Officials: No Bird Flu Cases In Cambodia To Land Here Land in

The government health official in charge of monitoring possible outbreaks of avian influenza said on Sunday that a Cambodian woman being treated in Viet­nam’s Kien Giang provincial hospital may be infected with the deadly virus. Other government officials, however, were quick to point out that there are still no reported cases of domestic fowl sickened by the disease in Cam­bo­dia.

On Sunday night, Ly Sovann, chief of the Ministry of Health’s Dis­ease Surveillance Bureau, was waiting to find out from Vietnam’s health ministry whether the 25-year-old from Koh Kong province tested positive for bird flu.

“She is still in the hospital,” Ly Sovann said. “We do not yet have an official reply from the [World Health Organization] or Viet­nam­ese health officials. We are waiting.”

Ly Sovann said that the Health Ministry was still investigating which commune in Koh Kong the woman lived in and did not know why she was in Vietnam.                                     “As you know in Cambodia when someone is sick they often want to go to Vietnam,” he said. “We cannot confirm yet that she was sick first or why she is in Vietnam.”

If confirmed, the woman would be the first Cambodian to have contracted the H5N1 influenza virus. The virus, which is transmitted from wild birds to domestic fowl to humans, broke out in Vietnam and Thailand at the end of last year.

Eleven Vietnamese have died in the last month from the disease. The last reported outbreak of the disease among Cambodian birds was in Kandal province in Sep­tember when 2,330 chickens were culled on a Veal Spov commune farm. During an outbreak from February to April of 2004, nearly 10,000 birds were culled nationwide and a WHO epidemiologist working with the govern­ment criticized the accuracy of its provincial detection system.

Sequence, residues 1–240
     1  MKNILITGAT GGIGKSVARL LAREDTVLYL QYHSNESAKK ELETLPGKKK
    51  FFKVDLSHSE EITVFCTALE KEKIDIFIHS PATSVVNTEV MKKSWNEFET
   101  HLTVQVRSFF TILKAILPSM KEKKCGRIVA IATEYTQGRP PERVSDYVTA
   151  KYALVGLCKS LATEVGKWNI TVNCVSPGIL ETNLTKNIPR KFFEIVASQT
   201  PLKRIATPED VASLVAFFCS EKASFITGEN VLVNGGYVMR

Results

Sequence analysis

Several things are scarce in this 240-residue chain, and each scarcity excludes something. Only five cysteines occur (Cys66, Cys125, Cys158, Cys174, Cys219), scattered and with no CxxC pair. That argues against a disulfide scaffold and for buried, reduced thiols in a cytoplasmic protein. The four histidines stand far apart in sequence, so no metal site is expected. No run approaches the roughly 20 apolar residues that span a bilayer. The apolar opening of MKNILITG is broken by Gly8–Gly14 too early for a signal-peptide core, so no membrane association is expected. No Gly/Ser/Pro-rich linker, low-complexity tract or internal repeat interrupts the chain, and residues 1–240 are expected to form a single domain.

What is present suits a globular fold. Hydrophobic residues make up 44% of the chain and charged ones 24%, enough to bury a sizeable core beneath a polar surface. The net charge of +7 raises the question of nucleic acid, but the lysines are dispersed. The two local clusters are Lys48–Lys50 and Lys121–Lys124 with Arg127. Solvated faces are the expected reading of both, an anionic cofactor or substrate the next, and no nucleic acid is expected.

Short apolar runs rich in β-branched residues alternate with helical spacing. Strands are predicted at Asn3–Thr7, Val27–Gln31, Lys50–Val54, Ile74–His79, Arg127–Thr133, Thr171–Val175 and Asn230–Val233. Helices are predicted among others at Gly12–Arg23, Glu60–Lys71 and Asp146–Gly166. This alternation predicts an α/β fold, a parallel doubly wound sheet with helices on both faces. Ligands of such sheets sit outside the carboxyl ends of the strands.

Lim Kaing Eang, director of the health department in Kampot province, which borders Vietnam, said Sunday that he does not think the Cambodian woman in Viet­nam has bird flu.

“There is no bird flu in Kampot,” he said. But he said that he will travel across the border on Tues­day to discuss disease control with the director of Vietnam’s Kien Giang provincial health department.

Suon Sothoeun, deputy director of the Agriculture Ministry’s Department of Animal Health and Production said Sunday that he was unaware of the case of the woman in Vietnam. He said that all provinces report to him daily after investigating any suspicious poultry deaths, and to date there have been no cases of bird flu.

“Everyday any poultry death must be reported in,” he said.

If the woman is confirmed to have the disease, agriculture investigators will go immediately to the area in Koh Kong from which she hails.

“If it is confirmed that she has gotten bird flu in Koh Kong, our first course of action will be to quarantine the area, to disinfect it and to begin culling the infected birds,” he said. “It will be forbidden to enter or leave a 3-km ra­dius.”

Suon Sothoeun said that last week the agriculture ministry investigated reports by the NGO Global Witness that Wuzishan LS Group was using chicken waste as fertilizer on the Pheapimex concession in Pursat province.

“After conducting an investigation, [Animal Health and Prod­uction officials] found that nobody is sick and the chicken feces was bought from a commune in Kom­pong Chhnang” province, he said, adding that Kompong Chhnang is currently reported to be free of any outbreak.

Chau Khim,  the UN Food and Agriculture Organization national consultant on bird flu said that the use of chicken feces that have been dried for at least one month is safe.  “If the chicken waste is not dry yet, anyone who touches the chicken waste can get the virus by accidental transmission,” he said, adding that chicken feces from areas affected by last year’s outbreak in February was burned.

“Chicken waste is not commonly used in Cambodia because it is very expensive,” Suon Sothoeun said. “Most Cambodians use cattle dung.”


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